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On evaluating the quality of a computer science/computer engineering conference

Loizidis Orestis-Stavros, Koutsakis Polychronis

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URI: http://purl.tuc.gr/dl/dias/49609B29-6374-4A1C-989A-D0056E0A64A9
Year 2017
Type of Item Peer-Reviewed Journal Publication
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Summary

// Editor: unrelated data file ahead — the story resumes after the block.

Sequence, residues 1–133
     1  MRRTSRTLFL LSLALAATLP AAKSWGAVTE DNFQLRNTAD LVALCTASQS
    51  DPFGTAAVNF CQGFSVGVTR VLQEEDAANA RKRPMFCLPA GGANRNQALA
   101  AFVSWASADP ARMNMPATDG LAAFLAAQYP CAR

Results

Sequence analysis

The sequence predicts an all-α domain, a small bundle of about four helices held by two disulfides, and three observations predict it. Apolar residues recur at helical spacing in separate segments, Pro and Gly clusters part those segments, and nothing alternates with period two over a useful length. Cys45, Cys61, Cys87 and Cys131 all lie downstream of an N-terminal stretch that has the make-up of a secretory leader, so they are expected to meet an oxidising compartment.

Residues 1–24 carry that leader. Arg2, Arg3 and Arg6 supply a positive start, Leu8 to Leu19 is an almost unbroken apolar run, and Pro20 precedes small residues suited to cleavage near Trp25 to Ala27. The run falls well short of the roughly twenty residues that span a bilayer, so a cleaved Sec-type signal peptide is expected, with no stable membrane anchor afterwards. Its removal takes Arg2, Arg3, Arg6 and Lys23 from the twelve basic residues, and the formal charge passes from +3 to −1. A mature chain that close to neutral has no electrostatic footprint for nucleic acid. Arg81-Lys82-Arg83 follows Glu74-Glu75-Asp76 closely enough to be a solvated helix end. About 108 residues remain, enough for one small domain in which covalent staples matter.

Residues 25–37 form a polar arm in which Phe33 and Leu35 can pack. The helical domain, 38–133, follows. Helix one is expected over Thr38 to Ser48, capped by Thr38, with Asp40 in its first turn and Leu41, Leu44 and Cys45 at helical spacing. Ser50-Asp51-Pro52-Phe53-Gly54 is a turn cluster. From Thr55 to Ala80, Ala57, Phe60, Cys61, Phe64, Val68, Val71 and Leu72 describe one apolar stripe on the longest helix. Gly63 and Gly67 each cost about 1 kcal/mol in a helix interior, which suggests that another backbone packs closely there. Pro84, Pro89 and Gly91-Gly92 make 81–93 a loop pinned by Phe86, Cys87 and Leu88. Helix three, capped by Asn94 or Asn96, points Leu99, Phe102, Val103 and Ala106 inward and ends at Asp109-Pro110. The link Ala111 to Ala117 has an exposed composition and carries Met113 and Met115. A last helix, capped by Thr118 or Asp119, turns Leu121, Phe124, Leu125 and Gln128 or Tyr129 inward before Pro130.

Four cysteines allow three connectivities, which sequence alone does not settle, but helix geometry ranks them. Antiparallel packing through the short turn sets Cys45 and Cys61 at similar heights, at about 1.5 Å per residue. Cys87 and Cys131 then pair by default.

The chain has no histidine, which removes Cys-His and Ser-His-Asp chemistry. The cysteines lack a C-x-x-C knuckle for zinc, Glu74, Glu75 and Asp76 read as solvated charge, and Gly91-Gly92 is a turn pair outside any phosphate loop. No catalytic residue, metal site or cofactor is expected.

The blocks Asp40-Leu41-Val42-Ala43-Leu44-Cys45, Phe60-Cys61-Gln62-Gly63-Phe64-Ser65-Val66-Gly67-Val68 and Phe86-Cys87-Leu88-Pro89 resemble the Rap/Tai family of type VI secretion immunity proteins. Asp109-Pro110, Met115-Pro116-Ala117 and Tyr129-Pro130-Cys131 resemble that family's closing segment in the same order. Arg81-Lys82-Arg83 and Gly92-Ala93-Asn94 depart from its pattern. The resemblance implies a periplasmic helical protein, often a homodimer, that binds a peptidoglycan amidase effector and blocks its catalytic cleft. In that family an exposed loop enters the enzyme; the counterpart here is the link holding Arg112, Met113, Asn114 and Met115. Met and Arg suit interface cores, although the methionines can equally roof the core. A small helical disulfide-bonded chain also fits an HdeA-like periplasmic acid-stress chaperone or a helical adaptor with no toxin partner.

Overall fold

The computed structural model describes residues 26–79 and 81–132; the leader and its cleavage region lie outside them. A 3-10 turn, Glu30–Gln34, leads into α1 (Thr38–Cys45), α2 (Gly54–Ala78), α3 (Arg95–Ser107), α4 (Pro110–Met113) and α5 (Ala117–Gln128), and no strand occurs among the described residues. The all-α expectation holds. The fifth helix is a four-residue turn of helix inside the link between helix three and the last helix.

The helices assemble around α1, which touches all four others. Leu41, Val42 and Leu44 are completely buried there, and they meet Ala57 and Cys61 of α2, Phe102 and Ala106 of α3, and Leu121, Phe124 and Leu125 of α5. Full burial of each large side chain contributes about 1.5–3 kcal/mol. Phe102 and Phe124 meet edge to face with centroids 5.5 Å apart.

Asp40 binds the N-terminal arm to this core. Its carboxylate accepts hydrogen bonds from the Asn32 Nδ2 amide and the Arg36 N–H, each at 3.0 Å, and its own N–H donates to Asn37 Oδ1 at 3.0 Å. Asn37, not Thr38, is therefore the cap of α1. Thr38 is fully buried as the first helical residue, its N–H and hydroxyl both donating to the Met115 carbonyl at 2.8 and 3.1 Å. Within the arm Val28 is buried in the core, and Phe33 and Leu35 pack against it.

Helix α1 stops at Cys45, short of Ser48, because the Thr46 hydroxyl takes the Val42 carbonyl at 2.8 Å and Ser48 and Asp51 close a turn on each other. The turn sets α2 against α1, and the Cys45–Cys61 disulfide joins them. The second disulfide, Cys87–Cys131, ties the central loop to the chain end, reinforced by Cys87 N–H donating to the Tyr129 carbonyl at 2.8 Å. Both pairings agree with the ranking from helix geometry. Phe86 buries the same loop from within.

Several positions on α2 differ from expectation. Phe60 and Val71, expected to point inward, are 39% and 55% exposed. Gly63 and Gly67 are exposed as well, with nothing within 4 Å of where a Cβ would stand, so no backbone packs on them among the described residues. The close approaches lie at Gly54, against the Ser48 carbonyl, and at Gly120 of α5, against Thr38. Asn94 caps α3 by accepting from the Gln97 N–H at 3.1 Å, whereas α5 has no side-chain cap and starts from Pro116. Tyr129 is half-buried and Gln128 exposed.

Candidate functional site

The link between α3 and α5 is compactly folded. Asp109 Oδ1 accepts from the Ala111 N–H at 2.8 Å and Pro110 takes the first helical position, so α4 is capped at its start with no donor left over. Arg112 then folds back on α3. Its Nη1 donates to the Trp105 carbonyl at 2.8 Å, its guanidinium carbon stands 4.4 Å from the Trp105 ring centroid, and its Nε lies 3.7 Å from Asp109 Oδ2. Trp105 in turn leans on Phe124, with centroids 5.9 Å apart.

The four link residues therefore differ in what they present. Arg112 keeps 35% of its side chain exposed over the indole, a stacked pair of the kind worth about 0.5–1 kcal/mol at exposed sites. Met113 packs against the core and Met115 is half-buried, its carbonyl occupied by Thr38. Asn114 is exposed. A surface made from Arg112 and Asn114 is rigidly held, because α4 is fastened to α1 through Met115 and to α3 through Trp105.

The Peer Reputation (PR) metric was recently proposed in the literature, in order to judge a researcher's contribution through the quality of the venue in which the researcher's work is published. PR, proposed by Nelakuditi et al., ties the selectivity of a publication venue with the reputation of the first author's institution. By computing PR for a percentage of the papers accepted in a conference or journal, a more solid indicator of a venue's selectivity than the paper Acceptance Ratio (AR) can be derived. In recent work we explained the reasons for which we agree that PR offers substantial information that is missing from AR, however we also pointed out several limitations of the metric. These limitations make PR inadequate, if used only on its own, to give a solid evaluation of a researcher's contribution. In this work, we present our own approach for judging the quality of a Computer Science/Computer Engineering conference venue, and thus, implicitly, the potential quality of a paper accepted in that conference. Driven by our previous findings on the adequacy of PR, as well as our belief that an institution does not necessarily “make” a researcher, we propose a Conference Classification Approach (CCA) that takes into account a number of metrics and factors, in addition to PR. These are the paper's impact and the authors’ h-indexes. We present and discuss our results, based on data gathered from close to 3000 papers from 12 top-tier Computer Science/Computer Engineering conferences belonging to different research fields. In order to evaluate CCA, we compare our conference rankings against multiple publicly available rankings based on evaluations from the Computer Science/Computer Engineering community, and we show that our approach achieves a very comparable classification.

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